Christmas . . . A Time of Peace and Goodwill

A Time of Wonder, Excitement and Magic

It seems there is something magical about this holiday. Stories have been created featuring talking barnyard animals and gifts appearing from out of nowhere. There are countless cartoons, movies, dramas, skits and plays that have been drawn and written to emphasize the wonder of the holiday. Somewhere deep inside I believe we know the season celebrates an occasion unlike any other. Yes, we'll find those rude, obnoxious scrooges (even some from within the walls of the church), pushing, shoving and hoarding, but if we look, we'll discover there are more who have embraced the peace and goodwill Jesus offers.Christmas Carols tell of it, poetry embraces it. There is something in the air that gives us hope and a desire to help those around us who have less. The willingness of people to give to charities is higher at Christmas, even though, because of the extra spending of the season, most have less to give, because somehow we feel the presence of the Christ-child, the author of all that is good.

Christmas . . . A Time of Love

Everyone, deep down, longs to be loved. The need for love is so ingrained in our being that even a newborn who doesn't realize what love is will wither and die without it. Christmas has become a time to emphasize this emotion. Many girls will receive engagement rings in the days prior to and after this celebration. Relationships will be rekindled, and it's sad, but those who feel as though no one loves them will feel worse this time of year. We miss those who've passed away a bit more, and work to get to see everyone we care about during this season.

Christmas is a time of love. Perhaps we see it as such because the One who we celebrate IS the definition of the word. The Bible says that God IS love. Without Him we wouldn't know what love truly is, and Christmas is the culmination of years of promise, the promise to send a gift to the creation He loves (that's us!) I can't create a page dedicated to Christmas and the Christ Child without emphasizing that Christ came to earth out of love. His deepest desire was/is that we know our Father in heaven, and since after several thousand years of revelations, humans didn't quite get it, He sent His representative to us, His Son. He sent Him so we could know God better, and He sent Him to be the sacrifice we'd need if we were going to be able to spend eternity with our Creator.

There are many who will not celebrate Christmas because they don't believe in the Christ child. Many can't fathom a love that is unconditional and freely given. They don't understand it, so they won't celebrate. The rest, who don't believe but celebrate, haven't given up hope yet! Even though they aren't convinced that Jesus is the Christ, they aren't ready to abandon the hope that someone really does love them that much. Francis Church said it well:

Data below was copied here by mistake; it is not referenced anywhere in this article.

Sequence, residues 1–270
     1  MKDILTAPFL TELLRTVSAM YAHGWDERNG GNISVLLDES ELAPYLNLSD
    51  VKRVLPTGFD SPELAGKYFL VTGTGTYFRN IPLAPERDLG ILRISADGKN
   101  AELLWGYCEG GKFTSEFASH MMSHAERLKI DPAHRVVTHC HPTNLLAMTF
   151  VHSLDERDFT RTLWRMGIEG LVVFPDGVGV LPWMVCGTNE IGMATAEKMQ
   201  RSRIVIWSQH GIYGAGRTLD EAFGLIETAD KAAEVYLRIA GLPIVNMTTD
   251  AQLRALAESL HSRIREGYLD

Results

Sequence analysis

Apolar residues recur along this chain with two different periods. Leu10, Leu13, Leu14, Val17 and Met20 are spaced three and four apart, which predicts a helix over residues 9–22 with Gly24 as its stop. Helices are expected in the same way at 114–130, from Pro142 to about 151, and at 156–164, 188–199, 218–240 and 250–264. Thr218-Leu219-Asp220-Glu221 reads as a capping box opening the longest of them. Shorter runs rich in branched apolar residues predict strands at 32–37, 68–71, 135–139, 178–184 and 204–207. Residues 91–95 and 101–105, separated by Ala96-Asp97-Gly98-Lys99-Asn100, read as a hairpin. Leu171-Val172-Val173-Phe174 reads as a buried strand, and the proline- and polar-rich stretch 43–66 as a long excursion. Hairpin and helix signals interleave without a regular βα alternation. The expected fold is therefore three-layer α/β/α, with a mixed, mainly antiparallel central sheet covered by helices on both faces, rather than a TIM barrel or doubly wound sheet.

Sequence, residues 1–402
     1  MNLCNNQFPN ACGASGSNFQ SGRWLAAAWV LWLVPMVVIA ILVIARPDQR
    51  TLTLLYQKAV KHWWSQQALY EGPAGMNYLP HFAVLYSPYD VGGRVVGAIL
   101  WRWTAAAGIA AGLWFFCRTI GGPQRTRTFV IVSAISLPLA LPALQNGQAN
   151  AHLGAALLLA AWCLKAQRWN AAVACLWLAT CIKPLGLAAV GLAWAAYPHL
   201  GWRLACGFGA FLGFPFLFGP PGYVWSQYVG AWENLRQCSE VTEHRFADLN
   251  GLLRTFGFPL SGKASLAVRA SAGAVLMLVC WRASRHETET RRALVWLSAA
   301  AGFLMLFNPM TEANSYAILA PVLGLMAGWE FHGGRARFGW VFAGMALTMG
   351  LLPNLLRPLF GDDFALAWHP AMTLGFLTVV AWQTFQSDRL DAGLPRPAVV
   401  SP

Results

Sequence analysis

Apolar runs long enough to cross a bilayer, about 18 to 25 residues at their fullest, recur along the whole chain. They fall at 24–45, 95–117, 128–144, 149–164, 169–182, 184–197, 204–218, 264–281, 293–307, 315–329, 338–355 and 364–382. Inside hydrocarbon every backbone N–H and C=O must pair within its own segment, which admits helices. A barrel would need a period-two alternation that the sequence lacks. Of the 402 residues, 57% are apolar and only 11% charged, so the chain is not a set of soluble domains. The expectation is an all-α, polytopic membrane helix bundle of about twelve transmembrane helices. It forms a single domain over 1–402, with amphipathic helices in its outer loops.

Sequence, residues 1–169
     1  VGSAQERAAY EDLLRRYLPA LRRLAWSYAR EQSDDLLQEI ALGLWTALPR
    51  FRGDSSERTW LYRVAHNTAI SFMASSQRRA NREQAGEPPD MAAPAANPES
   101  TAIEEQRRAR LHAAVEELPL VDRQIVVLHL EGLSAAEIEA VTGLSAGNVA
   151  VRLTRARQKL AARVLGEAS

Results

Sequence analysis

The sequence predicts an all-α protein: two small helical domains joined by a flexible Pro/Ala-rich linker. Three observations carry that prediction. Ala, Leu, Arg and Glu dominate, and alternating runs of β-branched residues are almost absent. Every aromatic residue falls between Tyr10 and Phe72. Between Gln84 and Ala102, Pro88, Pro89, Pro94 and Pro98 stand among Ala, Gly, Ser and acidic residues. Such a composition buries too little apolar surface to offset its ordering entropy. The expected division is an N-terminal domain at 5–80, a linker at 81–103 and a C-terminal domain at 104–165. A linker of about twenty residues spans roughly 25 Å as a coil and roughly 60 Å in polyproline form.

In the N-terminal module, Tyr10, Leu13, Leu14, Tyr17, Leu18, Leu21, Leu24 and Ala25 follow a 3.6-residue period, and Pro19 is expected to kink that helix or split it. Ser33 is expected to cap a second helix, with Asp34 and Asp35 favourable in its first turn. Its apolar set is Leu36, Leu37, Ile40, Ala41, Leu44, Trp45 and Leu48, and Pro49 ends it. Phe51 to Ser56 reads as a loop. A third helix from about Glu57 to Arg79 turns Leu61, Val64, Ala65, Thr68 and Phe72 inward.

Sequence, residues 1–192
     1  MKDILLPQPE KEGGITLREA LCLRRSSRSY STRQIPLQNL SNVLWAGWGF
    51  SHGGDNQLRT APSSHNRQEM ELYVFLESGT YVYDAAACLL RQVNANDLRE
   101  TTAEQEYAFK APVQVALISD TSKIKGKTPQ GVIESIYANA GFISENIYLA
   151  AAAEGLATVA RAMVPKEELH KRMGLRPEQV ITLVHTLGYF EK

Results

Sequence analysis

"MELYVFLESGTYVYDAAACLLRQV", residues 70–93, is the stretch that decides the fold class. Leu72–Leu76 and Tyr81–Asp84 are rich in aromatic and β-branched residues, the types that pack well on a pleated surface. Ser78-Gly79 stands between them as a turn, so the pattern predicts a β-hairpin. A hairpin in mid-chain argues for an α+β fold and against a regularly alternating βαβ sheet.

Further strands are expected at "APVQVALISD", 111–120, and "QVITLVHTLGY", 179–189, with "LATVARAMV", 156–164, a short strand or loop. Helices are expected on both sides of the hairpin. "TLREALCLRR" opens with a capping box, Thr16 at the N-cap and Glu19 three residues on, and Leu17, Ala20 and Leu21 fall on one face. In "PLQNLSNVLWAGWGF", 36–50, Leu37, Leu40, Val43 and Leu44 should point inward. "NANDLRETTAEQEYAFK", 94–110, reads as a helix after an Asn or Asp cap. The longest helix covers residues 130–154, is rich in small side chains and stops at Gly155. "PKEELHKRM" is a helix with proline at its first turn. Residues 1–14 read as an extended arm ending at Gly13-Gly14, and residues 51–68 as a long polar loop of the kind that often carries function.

Nobody can conceive or imagine all the wonders there are unseen and unseeable in the world.

In this dark world, the love of Christmas is often hard to see; however, not only is Jesus love, He is also light. One of my favorite parts of Christmas is the light. I normally have white lights all around my house this time of year. They remind me that in the midst of this dark time, Jesus is my light. The light brings warmth and safety, the light makes me feel loved! The baby who came to be the Christ, came to show us how much the Creator of the Universe loves us. Christmas is our reminder of that love, a love to share, a love to cherish, a love that is larger than we can possibly imagine.

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Christmas Year Round

The feeling of Christmas needn't stop on December 26 or even January 6 (the Epiphany or Orthodox Christmas). It's not meant to be a one day feeling that comes at midnight one day and is gone at midnight the next. That feeling of good cheer is designed to be shared year round to give others who don't know Christ hope.

If we "root" ourselves in this child and let His Spirit lead us in all that we do, we'll begin to experience the Spirit of Christmas year round. People everywhere are saying, "It doesn't FEEL like Christmas?" " I can't wait to get into the Christmas Spirit." They want that goodwill, peace, joy, love, magic and beauty that the movies and carols boast. And, truth be told, isn't that what we really want? Don't we each want that feeling we get when we watch as child's face as she opens presents? Aren't we eager to have a peace and contentment deep inside that can keep us from plummeting into the darkness on those days when our world falls apart?

That's what the Spirit of Christmas is all about! It is attainable, and it's available 365 days a year, not just one single day, a week or even a season. It's the joy that George experienced in "It's a Wonderful Life." It's the revelation Ebenezer Scrooge discovered in Dicken's "Christmas Carol," and the fantastic news is, it can be yours. 24/7/365 . . . the joy, the wonder, the love, the peace, the contentment, the magic, the goodness, the beauty, the Spirit of Christmas is available to you when you believe the One born in a stable 2000+ years ago really is the King of kings, the Lord of Creation, the Author of Life, the gift of God, the Savior of the World and the Giver of the Spirit, the Spirit of Christmas.

What Does Christmas Mean to You?

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    • profile image

      siskiyoucowgirl 5 years ago

      "High Five!" to you on this lens! It's a great lens about the true meaning of Christmas...Christ. Thanks for making it!

    • Lynne-Modranski profile image
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      Lynne Modranski 5 years ago from Ohio

      @Julia Morais: Thanks so much!

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      Julia Morais 5 years ago

      I love the fact that this lens is dedicated to Christ, our Savior. I'm nominating it to be LOTD on Christmas Day.